So, I imagine the natural response from the writers of this book, this ‘poll’, would be that it is ‘just a bit of fun’, and we can’t deny them that in a world of free speech. It’s just a shame that some people, given the freedom afforded to us from thousands of years of human evolution, the rise and fall of civilizations, at the very pinnacle of human existence and understanding, choose to use that honour to go round slagging off other people’s towns for a quick profit. You’d just think they might have something better to do with their time, talent and obvious connections in the media.

Hark at me! Trying to appeal for positivity in the world. How very droll. I re-read this and I can almost feel the sniggers should the authors of the poll stumble upon this humble blog. My reaction will have justified their tease. But you know, if you don’t stick up for your own town, who will?!  Who knows, maybe the writers are actually really clever social scientists, using this publication as a rallying call for the areas represented to rise to the challenge – maybe I am falling into their devious, yet ultimately positive, trap? I don’t think so somehow, but then, if it has that affect, then who cares if they intended it?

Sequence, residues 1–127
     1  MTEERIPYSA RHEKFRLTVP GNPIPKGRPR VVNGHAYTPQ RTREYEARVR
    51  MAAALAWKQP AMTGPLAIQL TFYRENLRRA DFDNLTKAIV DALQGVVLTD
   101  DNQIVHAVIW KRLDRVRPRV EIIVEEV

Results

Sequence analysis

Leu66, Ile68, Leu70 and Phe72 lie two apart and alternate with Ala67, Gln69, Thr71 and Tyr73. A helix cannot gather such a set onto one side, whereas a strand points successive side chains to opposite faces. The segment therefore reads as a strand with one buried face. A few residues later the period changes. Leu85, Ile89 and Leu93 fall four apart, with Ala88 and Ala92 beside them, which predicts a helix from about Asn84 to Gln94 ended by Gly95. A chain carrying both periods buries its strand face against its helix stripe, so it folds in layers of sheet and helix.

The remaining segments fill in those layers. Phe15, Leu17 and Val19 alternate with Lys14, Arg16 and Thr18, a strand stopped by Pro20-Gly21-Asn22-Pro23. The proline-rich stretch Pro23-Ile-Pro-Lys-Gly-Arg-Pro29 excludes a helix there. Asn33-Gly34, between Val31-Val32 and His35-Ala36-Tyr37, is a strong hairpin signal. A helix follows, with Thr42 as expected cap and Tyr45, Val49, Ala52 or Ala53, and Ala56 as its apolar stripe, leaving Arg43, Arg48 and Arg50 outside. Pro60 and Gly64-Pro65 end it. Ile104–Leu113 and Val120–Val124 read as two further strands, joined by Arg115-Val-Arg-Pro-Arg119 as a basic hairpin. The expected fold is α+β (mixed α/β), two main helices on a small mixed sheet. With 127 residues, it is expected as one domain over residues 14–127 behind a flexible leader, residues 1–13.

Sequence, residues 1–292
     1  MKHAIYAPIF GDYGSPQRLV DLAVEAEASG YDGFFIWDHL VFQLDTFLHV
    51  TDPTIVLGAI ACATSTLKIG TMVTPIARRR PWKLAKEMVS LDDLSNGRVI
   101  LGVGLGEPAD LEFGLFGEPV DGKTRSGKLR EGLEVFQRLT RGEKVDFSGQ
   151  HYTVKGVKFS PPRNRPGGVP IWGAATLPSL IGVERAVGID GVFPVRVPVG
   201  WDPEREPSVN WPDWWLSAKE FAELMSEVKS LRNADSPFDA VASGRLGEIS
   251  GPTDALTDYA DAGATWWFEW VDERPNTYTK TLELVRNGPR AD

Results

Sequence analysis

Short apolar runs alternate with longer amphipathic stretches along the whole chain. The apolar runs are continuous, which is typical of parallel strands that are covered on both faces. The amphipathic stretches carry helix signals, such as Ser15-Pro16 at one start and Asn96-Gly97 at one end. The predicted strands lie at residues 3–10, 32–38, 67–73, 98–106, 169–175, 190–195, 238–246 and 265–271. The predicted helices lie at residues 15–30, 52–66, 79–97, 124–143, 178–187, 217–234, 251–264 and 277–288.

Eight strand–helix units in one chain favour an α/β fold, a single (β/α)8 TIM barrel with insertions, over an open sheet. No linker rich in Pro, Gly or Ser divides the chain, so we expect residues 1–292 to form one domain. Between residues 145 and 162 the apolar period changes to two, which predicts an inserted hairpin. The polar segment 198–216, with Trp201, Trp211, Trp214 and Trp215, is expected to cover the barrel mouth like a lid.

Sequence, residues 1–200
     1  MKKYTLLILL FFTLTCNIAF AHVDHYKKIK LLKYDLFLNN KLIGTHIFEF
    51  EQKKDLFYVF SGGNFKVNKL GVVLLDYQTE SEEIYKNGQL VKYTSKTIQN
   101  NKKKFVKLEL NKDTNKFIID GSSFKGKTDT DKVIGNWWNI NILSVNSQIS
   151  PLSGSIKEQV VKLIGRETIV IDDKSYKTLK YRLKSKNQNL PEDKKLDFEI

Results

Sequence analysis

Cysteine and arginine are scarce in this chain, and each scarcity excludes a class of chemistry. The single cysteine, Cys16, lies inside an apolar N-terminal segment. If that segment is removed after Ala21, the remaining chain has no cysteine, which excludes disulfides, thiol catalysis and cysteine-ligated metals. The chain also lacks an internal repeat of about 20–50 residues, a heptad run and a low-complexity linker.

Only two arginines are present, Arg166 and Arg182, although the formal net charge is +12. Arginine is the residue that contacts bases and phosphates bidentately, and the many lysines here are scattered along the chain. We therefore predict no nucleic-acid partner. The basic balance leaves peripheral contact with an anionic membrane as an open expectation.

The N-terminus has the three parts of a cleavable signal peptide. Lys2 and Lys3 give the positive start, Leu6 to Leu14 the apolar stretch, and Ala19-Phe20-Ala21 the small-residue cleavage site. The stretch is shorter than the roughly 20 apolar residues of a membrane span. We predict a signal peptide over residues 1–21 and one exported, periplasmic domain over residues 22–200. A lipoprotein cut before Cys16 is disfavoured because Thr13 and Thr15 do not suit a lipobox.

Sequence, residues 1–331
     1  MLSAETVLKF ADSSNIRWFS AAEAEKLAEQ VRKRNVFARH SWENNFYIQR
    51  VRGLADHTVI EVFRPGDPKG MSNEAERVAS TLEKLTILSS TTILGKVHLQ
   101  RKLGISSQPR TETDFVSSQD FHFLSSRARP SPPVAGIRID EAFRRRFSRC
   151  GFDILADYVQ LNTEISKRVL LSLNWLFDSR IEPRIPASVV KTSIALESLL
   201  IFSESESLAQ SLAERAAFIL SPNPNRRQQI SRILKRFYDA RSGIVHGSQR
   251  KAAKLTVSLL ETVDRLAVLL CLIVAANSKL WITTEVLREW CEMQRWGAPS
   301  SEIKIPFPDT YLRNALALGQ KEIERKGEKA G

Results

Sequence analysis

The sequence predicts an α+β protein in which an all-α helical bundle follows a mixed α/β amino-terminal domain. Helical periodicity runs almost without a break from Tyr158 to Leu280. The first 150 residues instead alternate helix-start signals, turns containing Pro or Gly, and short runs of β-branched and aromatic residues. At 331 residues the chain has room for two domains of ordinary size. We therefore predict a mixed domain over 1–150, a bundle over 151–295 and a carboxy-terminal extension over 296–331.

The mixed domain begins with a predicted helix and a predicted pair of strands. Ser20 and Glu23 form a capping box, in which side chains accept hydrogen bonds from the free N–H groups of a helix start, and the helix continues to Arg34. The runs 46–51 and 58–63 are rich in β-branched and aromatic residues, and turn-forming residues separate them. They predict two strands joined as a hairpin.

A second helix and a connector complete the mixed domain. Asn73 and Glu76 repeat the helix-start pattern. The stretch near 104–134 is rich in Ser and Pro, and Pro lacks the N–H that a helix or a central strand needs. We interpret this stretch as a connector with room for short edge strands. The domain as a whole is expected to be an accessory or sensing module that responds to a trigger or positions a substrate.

It shouldn’t matter though, I hardly think “Top ten crap towns” will go down in history as one of the literary greats, rather something someone else buys you for Christmas and you half-read while having a shit, basically. Aim high guys. Aim high! Thanks for the publicity.

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Not good enough for the BBC! Part 1